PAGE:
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Archive

104'

Quebec, 2006

Original music : Francis Grandmont Production : ONF / NFB

Programmed by Charlène Dinhut

French, English

French, English


Political struggles



Synopsis


For over forty years, Alanis Obomsawin, one of Canada’s most famous documentary makers and a member of the Abenaki tribe, has been portraying the lives of North America’s indigenous peoples. After devoting her work to the voices of others, here she returns to the village of Odanak in southern Quebec where she grew up, and focuses on the history of her own ancestors. By recording the elders’ tales and talking with the community’s leading figures, she paints a very radiant portrait of the Wabanaki Nation.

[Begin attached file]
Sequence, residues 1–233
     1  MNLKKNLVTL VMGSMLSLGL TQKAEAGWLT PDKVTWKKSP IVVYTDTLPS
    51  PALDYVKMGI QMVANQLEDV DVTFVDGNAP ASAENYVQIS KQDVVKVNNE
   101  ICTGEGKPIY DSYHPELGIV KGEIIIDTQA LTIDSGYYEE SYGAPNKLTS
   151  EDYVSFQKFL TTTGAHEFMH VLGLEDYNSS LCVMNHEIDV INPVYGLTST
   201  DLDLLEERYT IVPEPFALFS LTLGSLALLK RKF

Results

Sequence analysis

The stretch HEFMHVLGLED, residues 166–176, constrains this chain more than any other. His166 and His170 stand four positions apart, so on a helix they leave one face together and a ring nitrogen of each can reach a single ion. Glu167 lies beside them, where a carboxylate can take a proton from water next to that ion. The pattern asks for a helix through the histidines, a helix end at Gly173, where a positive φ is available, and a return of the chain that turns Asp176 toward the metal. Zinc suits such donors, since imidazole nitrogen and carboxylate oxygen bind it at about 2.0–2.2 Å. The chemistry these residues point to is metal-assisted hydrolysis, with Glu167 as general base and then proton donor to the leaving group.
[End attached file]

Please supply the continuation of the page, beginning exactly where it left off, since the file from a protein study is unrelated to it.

Tënk's opinion


Before making films to advance the struggle of North America’s First Nations, Alanis Obomsawin was a professional singer and storyteller. It’s her voice that drives the narrative here, weaving its way through a meticulous intermingling of footage and interviews. The two sides of her work come together in this film – she celebrates Wabanaki culture whilst using cinema as an impressive tool for social justice. She describes discriminations and the recent legal battles waged by, among others, indigenous women’s groups to abolish laws that would insidiously lead to the nation’s extinction. This is an impeccable, militant film and a dazzling commemoration, not without a certain lyricism. And without a doubt, it helps us imagine alternatives to capitalist imaginaries.

Charlène Dinhut
Programmer and curator

Item 1 of 4
Item 1 of 4

Item 1 of 4